Chairman of the Swatch Group Nick Hayek seemed to announce today via a Swiss newspaper that each of the Swatch Group watch brands would be leaving the long-lived annual wristwatch and jewelry trade show Baselworld. If Hayek sticks to his guns, this is a big deal and could spell the end of the trade show which has been a prominent fixture in my life for about a decade and much more than that for people who are more senior in the watch industry.
Explaining the context of the situation is complicated and involves egos and politics as much as it does actual business interests. With that said, a Baselworld shakeup up is hardly surprising. The trade show isn’t operated by the watch industry itself but rather MCH, which is a third-party organization that operates the convention center where Baselworld is held in the city of Basel, Switzerland. MCH has been deflecting calls to radically restructure the aging watch industry trade show concept for years.
Compounded with the massive economic stress that the watch industry is currently facing, it is hardly surprising that “shots are being fired.” Baselworld saw its number of exhibitors fall sharply from over 1,300 to just 650 from 2017 to 2018, with overall exhibition space also decreasing by a third. Compared to all-time highs with some 2,000 participating brands from many moons ago, Baselworld had certainly been expecting brighter news. The Swatch Group is one of the biggest, if not the biggest Baselworld client – along with colleagues such as the LVMH family of watch brands, Rolex, and Patek Philippe. Without all of these clients’ participation, Baselworld is arguably null.
Part of me suspects that Mr. Hayek is posturing as a tactic to induce MCH to cooperate with him and other watch brands who have been increasing the volume of their complaints about Baselworld over the years. The main issues brands complain about are money and services. Many argue that either Baselworld dramatically reduce its costs for exhibitors (and guests) or they radically increase the services, comforts, and educational/networking opportunities that the show offers. All of this is actually quite reasonable, and as a member of the media I too can empathize with the watch brands because our requests and suggestions to the Baselworld organizers have gone equally unheeded over the years. No offense intended, but my instinct tells me that the conservatism inherent in most things Swiss has got to be a serious factor which prevents changes from occurring in the Baselworld organization. To empathize with MCH, trying to make all the watch brand exhibitors happy at the same time can hardly be a pleasant or simple task.
At the end of Baselworld 2018 (our roundup and analysis here) the Baselworld organizers sent a somewhat shocking announcement that the 2019 iteration of the show would be one day less. The move was designed to help appease complaining brands who argued that exhibiting at the show as well as accommodations in Basel (which routinely suffer from under capacity in accommodations, parking, and convention visitor services) was more expensive than it was worth. In other words, as the watch industry’s sales, marketing, and distribution models change, attending Baselworld was a money-losing investment. They further argue that Baselworld hasn’t done much to help the situation in regard to making the show more productive and useful. The exhibitors who support Baselworld and fund it are pretty unhappy with the lack of service they receive, and now they appear to be really unhappy with a lack of voice.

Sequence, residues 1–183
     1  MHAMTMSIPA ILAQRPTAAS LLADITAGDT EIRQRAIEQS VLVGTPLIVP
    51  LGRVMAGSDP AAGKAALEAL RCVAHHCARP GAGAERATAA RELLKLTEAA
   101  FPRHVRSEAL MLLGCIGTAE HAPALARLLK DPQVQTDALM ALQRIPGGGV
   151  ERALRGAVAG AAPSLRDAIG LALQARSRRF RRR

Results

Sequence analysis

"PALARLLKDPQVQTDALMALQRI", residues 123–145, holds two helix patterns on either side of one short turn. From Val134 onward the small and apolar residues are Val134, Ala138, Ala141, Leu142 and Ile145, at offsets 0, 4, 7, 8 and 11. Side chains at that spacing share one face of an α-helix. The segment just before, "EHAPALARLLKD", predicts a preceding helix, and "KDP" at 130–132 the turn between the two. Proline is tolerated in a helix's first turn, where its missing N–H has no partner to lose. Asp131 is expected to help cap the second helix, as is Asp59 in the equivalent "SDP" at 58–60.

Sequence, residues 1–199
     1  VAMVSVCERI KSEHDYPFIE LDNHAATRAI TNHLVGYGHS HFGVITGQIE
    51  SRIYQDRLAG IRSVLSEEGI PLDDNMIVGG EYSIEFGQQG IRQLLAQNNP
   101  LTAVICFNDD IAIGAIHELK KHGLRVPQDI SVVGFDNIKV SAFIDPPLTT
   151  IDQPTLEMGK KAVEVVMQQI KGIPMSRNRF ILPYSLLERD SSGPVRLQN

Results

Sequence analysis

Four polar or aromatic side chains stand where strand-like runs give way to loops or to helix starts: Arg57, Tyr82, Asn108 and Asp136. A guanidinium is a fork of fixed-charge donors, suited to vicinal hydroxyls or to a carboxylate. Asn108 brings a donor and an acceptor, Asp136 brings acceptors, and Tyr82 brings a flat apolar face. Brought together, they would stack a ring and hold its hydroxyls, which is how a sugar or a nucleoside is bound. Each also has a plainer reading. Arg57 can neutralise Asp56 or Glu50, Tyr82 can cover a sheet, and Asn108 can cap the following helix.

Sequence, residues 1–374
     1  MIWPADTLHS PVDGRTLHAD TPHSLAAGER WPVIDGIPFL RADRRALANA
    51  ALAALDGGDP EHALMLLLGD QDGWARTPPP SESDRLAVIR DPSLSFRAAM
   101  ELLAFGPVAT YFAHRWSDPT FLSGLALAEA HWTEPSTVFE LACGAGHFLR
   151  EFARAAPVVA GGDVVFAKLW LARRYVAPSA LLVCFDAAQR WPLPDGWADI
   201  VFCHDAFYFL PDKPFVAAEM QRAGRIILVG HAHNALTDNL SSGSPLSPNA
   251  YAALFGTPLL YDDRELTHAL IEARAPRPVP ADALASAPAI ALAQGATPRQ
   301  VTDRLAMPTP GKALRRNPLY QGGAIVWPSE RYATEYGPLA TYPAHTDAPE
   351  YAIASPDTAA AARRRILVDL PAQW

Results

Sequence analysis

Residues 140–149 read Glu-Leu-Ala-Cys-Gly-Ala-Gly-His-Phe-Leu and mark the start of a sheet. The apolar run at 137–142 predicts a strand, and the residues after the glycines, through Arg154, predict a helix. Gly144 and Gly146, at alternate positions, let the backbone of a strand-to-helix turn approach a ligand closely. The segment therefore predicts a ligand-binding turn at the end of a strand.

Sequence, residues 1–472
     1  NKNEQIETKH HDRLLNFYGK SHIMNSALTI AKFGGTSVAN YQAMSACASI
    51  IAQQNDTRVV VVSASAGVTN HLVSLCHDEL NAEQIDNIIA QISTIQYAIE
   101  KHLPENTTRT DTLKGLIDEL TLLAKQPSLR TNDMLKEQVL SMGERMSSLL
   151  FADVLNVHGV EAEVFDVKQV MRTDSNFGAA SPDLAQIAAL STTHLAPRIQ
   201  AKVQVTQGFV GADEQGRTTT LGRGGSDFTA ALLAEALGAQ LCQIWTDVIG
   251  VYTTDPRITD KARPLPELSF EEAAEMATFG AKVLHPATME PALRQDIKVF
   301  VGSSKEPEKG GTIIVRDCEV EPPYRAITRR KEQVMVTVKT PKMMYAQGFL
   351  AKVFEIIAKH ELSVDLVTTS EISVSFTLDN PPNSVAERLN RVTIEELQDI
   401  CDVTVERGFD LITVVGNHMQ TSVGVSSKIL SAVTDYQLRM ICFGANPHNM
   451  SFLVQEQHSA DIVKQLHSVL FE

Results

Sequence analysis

What seems to have caused Nick Hayek to erupt was a message sent out to Baselworld exhibitors about a “new concept” for the Baselworld 2019 show. Details of this new concept have not emerged yet, but no one seems to be particularly happy with it – least of all, the Swatch Group. Hayek argues (convincingly) that MCH should have at least included major exhibitors in the conversation about how the show might change. Ironically, watch industry professionals outside of Switzerland make the exact same complaint when it comes to the brands they work with or for not including them in conversations about major business changes. Just ask most retailers, distributors, or other marketing and sales partners.
Perhaps it is fitting for the watch brands to get a small taste of their own medicine – which will hopefully lead to more empathy across the board. Egos aside, it does seem reasonable for groups like the Swatch Group to be consulted when it comes to changes to a show they invest so many millions of dollars into annually. In any event, it doesn’t seem like the Swatch Group or other brands are happy with what MCH has planned for 2019’s Baselworld.